Even Hello Kitty is getting into sustainable food
One of my most salient memories of early childhood was a small plastic Hello Kitty house. My sister and I did have to share (read: do battle over) the thing, but I still remember that the COOLEST part was that Hello Kitty had a car — a little car and garage with a yellow swinging door that you could open up and slide the car into, inspiring all little girls to dream of individual car ownership in a world based on fossil fuels. (Of course, it could have been way worse.)
But now, little green-minded children, rejoice!: Hello Kitty has been officially invoked in the name of organic farming. Specifically, by the Hello Kitty Go Green Organic Farm in Hong Kong. The farm, as befits its name, features a) 50,000 square feet of fruits and vegetables and b) Hello Kitty paraphernalia everywhere.
Founder Raymond Cheng says he got into gardening as a form of personal stress reduction, but eventually turned his veggie patch into a community garden with rentable plots. The Hello Kitty part came later, when he was pondering ways to attract more families — and more impressionable little children, mwa ha ha. The farm now has goats and sheep and even a Hello Kitty Little Farmer Program. It’s been so successful that Cheng already has plans to expand the idea to mainland China.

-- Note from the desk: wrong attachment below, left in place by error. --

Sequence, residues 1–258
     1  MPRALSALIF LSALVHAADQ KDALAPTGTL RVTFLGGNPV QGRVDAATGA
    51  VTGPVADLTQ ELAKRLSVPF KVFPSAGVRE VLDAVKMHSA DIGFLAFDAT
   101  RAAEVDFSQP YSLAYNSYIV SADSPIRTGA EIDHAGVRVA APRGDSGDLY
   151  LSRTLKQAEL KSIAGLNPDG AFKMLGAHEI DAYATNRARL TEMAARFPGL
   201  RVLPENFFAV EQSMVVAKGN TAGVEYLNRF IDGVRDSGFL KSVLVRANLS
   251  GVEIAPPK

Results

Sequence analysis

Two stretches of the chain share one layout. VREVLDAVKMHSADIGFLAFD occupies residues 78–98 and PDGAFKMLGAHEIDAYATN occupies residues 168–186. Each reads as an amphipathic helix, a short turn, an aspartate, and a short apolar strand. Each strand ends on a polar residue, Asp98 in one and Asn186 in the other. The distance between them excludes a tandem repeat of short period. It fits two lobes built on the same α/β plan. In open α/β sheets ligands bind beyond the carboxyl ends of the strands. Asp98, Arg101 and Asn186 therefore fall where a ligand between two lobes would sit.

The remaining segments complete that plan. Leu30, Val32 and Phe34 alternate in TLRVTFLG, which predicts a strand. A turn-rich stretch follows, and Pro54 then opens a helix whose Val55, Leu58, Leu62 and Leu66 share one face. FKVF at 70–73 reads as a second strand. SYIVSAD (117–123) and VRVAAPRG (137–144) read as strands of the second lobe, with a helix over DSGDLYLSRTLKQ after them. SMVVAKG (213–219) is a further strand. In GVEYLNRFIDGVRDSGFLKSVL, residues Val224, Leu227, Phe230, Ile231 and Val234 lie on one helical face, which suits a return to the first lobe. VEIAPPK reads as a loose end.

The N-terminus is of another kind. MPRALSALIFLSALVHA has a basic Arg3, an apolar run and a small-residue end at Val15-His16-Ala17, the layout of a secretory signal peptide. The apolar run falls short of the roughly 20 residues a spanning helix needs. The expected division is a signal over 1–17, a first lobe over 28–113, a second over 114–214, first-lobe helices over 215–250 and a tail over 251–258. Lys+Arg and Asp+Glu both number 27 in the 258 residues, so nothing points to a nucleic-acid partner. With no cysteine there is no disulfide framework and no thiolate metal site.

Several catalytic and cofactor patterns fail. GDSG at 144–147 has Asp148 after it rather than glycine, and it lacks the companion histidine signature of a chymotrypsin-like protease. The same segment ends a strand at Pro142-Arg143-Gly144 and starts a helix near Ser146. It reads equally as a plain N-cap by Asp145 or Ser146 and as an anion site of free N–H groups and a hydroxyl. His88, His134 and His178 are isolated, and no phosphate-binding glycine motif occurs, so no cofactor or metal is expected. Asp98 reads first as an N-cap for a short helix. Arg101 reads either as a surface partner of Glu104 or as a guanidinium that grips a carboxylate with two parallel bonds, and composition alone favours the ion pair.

It makes sense: If you’re trying to spread the gospel of organic gardening to a whole new generation, kids are going to care a heck of a lot more about a cute cartoon cat than they do about organic vegetables. As Cheng told Fast Co.Exist, he saw a big difference on the farm B.H.K. (Before Hello Kitty) and after:
“In the past … during the weekend we got around a maximum of 100 customers coming to my farm to rent a piece of land or grow or buy some organic crops,” Cheng explains. “But after Hello Kitty, we can go to 500 and sometimes over 1,000 people coming in one day.”
Indeed, Mr. Cheng, let the truth be uttered:
“The power of Hello Kitty is very great,” he says.